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Uber Might’ve Already Blown its Chance to Fix its Culture

June 14, 2017, 1:30 PM UTC

Monday’s exit of Uber SVP Emil Michael, Tuesday’s exit of board member David Bonderman, and CEO Travis Kalanick’s announced leave of absence on the heels of harassment and discrimination accusations may signal that the company is turning over a new leaf. But it’s likely just a smoke screen to obscure the fact that Uber isn’t addressing the real issues: It’s a company with a sick culture, led by a toxic CEO.

Uber’s board says it’s adopting the recommendations of former attorney general Eric Holder, who conducted a comprehensive investigation into the company’s culture amid allegations of harassment and bullying. Since the CEO sets the tone for how a company’s entire ecosystem—from employees to customers to investors—perceive and experience its brand, Kalanick should step aside altogether to ensure that Uber doesn’t end up a slow-motion car wreck.

It’s been fairly well acknowledged that founder-led companies outperform others. A growing mountain of research indicates that these companies are more innovative, have stronger brand equity, and maintain stronger bonds with their employees. This is due in part to the strength and authenticity of their corporate cultures and their ability to attract and retain top talent. There have been numerous studies by universities, analyst firms, and investment banks that underscore that point.

See also: Uber Board Member Resigns After Making a Sexist Comment

A 2016 Harvard Business Review article revealed that organizations with leaders who indoctrinate employees to their ideas, purpose and reason for being are far more sustainable and financially viable. Founder-leaders give their companies a sense of purpose. They bring to the table a love for the details of a business. They often anoint employees with the ability to create change on the front lines—they adopt an owner’s mindset, which makes them act quickly and take responsibility for successes and failures. Employees tend to bond with their company’s founder, match his or her behavior and values, and are often more willing to go to the mat to deliver on their founder’s vision.

But what if that founder is toxic, and his intent isn’t exactly clear?

It’s currently unclear whether Emil Michael’s departure from the company was involuntary. However, speculation about his exit is both morbid and exciting. The hiring of a new brand leader from Apple (AAPL) (who also happens to be a woman of color) and the appointment of Frances Frei, a well-known Harvard Business School professor and leading voice on organizational transformation as its SVP of leadership and strategy—with no apparent job description or staff—to partner with Uber’s HR leader as a leadership coach appear to be mere window dressing, and not what the organization really needs to turn itself around amid assertions of bad behavior throughout the company’s ranks. While these bold moves might indicate a desire on Uber’s part to undo aspects of a culture that encourages and rewards cutthroat competition, unchecked sexual harassment, and a general lack of concern for employees and contractors—it may be too little too late.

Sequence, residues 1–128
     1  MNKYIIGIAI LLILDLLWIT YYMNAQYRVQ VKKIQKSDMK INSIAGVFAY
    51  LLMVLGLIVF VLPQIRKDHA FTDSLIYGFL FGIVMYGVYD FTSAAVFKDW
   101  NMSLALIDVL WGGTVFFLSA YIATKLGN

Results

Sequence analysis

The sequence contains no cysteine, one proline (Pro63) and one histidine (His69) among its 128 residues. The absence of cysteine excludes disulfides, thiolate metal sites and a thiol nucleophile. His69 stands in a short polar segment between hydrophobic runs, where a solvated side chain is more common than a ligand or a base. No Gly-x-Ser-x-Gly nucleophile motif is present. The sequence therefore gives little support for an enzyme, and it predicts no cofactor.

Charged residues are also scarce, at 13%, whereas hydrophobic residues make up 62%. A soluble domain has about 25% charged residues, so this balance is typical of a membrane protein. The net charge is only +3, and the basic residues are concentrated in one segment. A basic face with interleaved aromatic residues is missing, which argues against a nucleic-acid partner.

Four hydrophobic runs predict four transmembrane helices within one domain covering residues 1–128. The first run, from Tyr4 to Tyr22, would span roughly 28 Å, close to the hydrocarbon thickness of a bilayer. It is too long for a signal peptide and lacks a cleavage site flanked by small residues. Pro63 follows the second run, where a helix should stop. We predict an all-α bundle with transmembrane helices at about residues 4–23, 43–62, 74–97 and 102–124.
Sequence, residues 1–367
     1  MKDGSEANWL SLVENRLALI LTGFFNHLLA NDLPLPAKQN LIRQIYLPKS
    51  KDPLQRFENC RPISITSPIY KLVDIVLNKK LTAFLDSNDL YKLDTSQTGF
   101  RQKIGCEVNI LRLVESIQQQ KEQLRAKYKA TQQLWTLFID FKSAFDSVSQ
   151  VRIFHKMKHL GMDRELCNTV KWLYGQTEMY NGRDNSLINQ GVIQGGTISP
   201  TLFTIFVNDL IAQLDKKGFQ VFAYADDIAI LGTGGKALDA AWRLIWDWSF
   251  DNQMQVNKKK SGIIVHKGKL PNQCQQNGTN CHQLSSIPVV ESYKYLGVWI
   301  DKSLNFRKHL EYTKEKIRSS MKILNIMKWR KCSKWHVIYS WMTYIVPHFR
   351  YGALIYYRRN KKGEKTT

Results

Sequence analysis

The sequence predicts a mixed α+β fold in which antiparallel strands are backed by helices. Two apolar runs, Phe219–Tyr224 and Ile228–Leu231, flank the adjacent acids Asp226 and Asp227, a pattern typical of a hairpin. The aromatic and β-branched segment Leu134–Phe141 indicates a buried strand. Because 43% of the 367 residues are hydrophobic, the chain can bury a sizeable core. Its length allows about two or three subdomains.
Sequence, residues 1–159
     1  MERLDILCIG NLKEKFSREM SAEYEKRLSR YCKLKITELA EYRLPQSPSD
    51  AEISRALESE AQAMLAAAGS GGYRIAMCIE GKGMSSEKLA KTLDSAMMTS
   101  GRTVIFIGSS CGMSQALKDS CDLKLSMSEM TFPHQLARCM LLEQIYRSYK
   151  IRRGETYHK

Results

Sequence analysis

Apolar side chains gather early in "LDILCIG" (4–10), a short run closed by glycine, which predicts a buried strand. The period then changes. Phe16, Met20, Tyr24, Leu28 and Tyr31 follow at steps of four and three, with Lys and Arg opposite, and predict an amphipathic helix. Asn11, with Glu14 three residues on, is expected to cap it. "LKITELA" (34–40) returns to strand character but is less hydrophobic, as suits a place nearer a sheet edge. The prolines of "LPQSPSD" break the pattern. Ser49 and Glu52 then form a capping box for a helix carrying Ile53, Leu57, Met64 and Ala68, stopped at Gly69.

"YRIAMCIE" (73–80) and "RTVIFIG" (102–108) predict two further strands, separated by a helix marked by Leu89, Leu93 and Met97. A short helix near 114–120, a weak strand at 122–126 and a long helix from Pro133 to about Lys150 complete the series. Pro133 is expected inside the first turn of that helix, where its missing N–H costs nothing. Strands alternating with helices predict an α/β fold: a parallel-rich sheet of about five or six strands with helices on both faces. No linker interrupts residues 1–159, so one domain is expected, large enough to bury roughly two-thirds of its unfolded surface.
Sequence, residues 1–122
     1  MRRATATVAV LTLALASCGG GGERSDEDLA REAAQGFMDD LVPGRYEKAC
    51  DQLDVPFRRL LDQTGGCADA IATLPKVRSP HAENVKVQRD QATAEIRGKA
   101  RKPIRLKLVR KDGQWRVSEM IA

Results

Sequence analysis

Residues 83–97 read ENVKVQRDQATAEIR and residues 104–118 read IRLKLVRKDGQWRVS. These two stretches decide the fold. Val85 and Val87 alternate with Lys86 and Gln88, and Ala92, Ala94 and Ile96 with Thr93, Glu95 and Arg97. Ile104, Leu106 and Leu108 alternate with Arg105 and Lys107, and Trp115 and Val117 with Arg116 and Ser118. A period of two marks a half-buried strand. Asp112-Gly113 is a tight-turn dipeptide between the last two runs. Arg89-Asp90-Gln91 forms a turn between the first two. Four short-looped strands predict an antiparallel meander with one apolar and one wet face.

Branding is about bonding with customers so deeply that it creates irrational loyalty: where customers are so fiercely loyal to a brand that they would feel like they were cheating on it if they were to choose an alternative. Irrational loyalty is almost always a ticket to certain financial success: Companies that create this condition are able to reduce customer acquisition costs, increase customer lifetime value, and charge premiums for their services and products, according to leading brand research firm Millward Brown’s annual BrandZ Studies. Brands that have ascended to this level are those that are very transparent about their values and align them with those of their customers.

In Uber’s case, its hiring and management practices and public behavior have exposed its values in a very public way. Not only have they introduced lawsuits and government investigations, they have caused customers to defect from the brand. While the ridesharing industry continues to commoditize, it will be crucial for Uber to take good care of its brand, or it may forever be known as a cautionary tale about Silicon Valley bro culture.

In a brand strategy career spanning multiple decades, I have never seen a company led by a toxic founder to be capable of the seismic culture shift on the magnitude of what Uber needs right now. In my mind, Uber has two options: 1) Have current CEO Travis Kalanick and other members of the leadership team step down permanently, and bring in a new leader to repair the brand, or 2) Find a larger corporation to absorb it. Even amid new ridesharing entrants and a host of me-too brands, the Uber brand remains the gold standard, with the largest operating footprint and an estimated valuation of more than $70 billion, which is higher than 80% of companies on the S&P 500.


The company has significant infrastructure, a strong network of drivers and riders, and unrivaled brand awareness (the word Uber has even become a verb:“We’ll Uber home tonight,”) that could be of value to a larger company as it seeks a foothold in the personal transportation market. And, as Uber races against competitors like Google (GOOG) and Ford Motor Company (F) to crack open the driverless car market, it will need the strength of a healthy brand relationship with consumers to give it an edge.

So, if Uber is really serious about changing, CEO Travis Kalanick needs to go. As long as Kalanick’s values remain on display, the Uber brand is in grave danger. You only get one chance to create a winning corporate culture, and Uber might have blown it.

Deb Gabor is the author of Branding is Sex: Get Your Customers Laid and Sell the Hell Out of Anything, and founder of Sol Marketing.